Royal Oak, MI 48067
248-591-2888

Click here to email Christine.

Orlando: Coping with Trauma

  • Posted on June 13, 2016 at 10:11 am

The mass shooting in Orlando, killing at least 50 of our queer brothers and sisters, injuring 53 more is a horrible, unspeakable trauma for the GLBTQI… community.  I want to share some ways to cope with trauma and tragedy that I am doing. * Take care of yourself:  be alone, if that’s what you need, or be with loved ones.  Get hugs, kisses, cry together, hold each other.  Pride celebrations this month, and candle light vigils and prayer services offer community opportunities. *Grieve however you need to.  Be angry.  Be sad.  Withdraw.  Jump into action.  Cry.  Scream.  Sit quietly.  There is no right or wrong way to grieve. *Focus on what helps you.  Today, I am focusing on the individual people who were senselessly murdered, getting to know their names, who they were, what they were known for.  I am holding each one in my heart and mind.  Meditate on them, pray for them, their families and loved ones, for us. *Ignore those infuriating things you can’t do anything about:  the media, the glorification of the shooter, the  manipulations by politicians, the ignorant and cruel comments you may hear on social media or from people around you. *Breathe, deeply.  Focus…

Terrified in Toledo

  • Posted on April 24, 2016 at 6:47 pm

Hi Christine,

I’m 22 years old and haven’t come out to my parents yet and I need to. I’m terrified because I know they are anti gay.  That’s why I’ve waited so long.  I’m trying to decide the best way to do it.  Should it be in a public place?  Should I have a friend with me for moral support?  Should I email them while I spend the weekend out of town?  Yes, I’m that nervous.  I don’t want a scene that I’m afraid is coming. Is there a good way to break this news to them that will be less shocking for them and feel safe for me?   I hope you answer, thanks,

Signed, Terrified in Toledo

Dear Terrified,
I feel for you, wanting to come out and just be yourself, but your parents are anti-gay.  Are you living with them now?  Are you financially dependent on them?  Is there a risk that they will kick you out or disown you, take away your transportation, cutting you off financially?  If those are possibilities, make sure you have a safe place to live, even in temporarily.  And make sure your support network of friends know what your plans are and will be able to be there for you.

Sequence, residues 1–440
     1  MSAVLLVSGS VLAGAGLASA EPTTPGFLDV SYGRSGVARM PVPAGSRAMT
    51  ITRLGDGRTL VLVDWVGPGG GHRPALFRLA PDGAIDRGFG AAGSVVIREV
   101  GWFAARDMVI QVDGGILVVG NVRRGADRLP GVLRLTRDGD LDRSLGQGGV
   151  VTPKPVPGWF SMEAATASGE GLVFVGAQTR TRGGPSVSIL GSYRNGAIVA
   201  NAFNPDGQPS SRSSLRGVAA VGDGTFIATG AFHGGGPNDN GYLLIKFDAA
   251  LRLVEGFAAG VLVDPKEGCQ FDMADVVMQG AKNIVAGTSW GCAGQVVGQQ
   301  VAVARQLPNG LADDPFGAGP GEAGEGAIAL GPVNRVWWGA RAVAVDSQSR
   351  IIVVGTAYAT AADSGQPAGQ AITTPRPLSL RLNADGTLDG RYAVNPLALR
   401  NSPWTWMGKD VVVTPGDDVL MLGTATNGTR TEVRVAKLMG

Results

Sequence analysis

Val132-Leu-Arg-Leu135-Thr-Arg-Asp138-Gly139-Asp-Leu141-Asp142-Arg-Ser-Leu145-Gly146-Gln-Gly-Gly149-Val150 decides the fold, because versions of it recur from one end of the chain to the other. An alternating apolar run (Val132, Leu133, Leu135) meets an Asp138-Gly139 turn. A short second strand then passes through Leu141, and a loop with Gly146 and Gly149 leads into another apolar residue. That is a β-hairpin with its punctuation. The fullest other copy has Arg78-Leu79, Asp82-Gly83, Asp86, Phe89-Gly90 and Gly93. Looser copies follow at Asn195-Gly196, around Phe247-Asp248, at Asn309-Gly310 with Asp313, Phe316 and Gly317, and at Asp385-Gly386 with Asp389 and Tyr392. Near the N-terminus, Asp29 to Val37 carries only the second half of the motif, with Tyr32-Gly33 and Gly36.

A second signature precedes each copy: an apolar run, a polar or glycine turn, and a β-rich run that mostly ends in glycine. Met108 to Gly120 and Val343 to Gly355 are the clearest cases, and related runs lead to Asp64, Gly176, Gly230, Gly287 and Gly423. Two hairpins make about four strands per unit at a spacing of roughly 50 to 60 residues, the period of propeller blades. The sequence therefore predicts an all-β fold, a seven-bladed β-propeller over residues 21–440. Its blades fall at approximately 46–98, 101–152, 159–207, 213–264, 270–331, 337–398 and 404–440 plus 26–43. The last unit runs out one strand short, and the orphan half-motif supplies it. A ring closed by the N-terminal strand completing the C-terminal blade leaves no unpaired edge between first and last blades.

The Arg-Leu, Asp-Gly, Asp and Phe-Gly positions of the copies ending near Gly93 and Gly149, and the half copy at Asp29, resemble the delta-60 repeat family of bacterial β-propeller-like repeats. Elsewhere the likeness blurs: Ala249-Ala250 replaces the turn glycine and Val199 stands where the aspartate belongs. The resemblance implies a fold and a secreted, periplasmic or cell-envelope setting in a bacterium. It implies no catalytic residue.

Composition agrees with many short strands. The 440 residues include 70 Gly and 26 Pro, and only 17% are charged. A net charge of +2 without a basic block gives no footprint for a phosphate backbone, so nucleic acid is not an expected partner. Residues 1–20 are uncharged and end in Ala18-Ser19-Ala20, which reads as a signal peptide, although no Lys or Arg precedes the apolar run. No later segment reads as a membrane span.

I can’t really assess the best approach for you, as I’ve never met you or your family.  But I encourage you to trust your own gut feelings here.  Do what makes you feel safest.  If going out of town for a weekend to let them discover and digest an email feels right, then do that.  That will minimize a scene, as you won’t be physically in the same place when they find out and they will have to process it some before you see them again.

Meeting in public, like in a restaurant or a park, can be helpful to minimize the risk of an outburst. However, some people will still make a scene.  If you think they might make a scene, it might be wise to have a friend with you for your support.  Make sure you have your own transportation (or a friend’s) to and from that public place too, so you aren’t stranded.

Some friends of mine, Mike and Jan Neubecker, have a gay son, Lee.  He finally came out to his anti-gay, Christian parents by leaving a PFLAG (Parents and Friends of Lesbians And Gays  http://www.pflagdetroit.org/) brochure in his dad’s sock drawer.  Mike, the dad, found the brochure after Lee had come home from college one weekend, and he flipped.  He and Jan tried to get Lee into reparative therapy, to “make him straight” but finally realized that wasn’t working.  They joined PFLAG and educated themselves.  They learned that their son was gay because that’s who he is.  It wasn’t their fault as parents.  It wasn’t anyone’s fault.  No one is going to burn in hell.  They had grieving to do, because they had assumptions such as they thought their son would never marry and there would never be grandchildren.

Well, now Mike and Jan and proud grandparents of a sister and brother that Lee and his husband adopted several years back.  They are a close family and travel together and have fun on holidays.  Mike and Jan became active in PFLAG Detroit, and later founded PFLAG Downriver for many years.  They have retired, and have moved further down the river, but are still actively involved in regional PFLAG activities and agitating for understanding and knowledge about gays and lesbians, bisexuals and transgendered people.  He has been a part of the PFLAG Speakers Bureau for years.  In fact, Mike has taken a Methodist Lay Preaching class, so he could talk to churches about his son and the importance of love and acceptance in families and in the church.  Then he took a comedy class at The Royal Oak  Comedy Castle.  He’s got a wonderful set I laughed through on his graduation night performance.

Your parents might not be ready for you to refer them to the love, support and education that PFLAG meetings provide, but PFLAG will be there, ready for them anytime.  Sometimes parents go into the closet when their son or daughter comes out.  You’ve been struggling with this information about yourself for a while, so give them some time and space to process all of this.  Sometimes it takes hours, sometimes months or years, but many many families come around to loving and accepting their gay or lesbian child, once they stop blaming themselves or fearing you might be headed to hell, or worrying that they’ll never have grandkids.

Write again, please, and let me know how your reveal goes.  The bottom line, is take your time and do this when you feel emotionally safe, financially prepared and ready to deal with whatever happens.  Sometimes it’s better to do it and deal with whatever happens, rather than wait and wonder.  Trust yourself in this matter.
Take care,
Christine C Cantrell, PhD,

Psychologist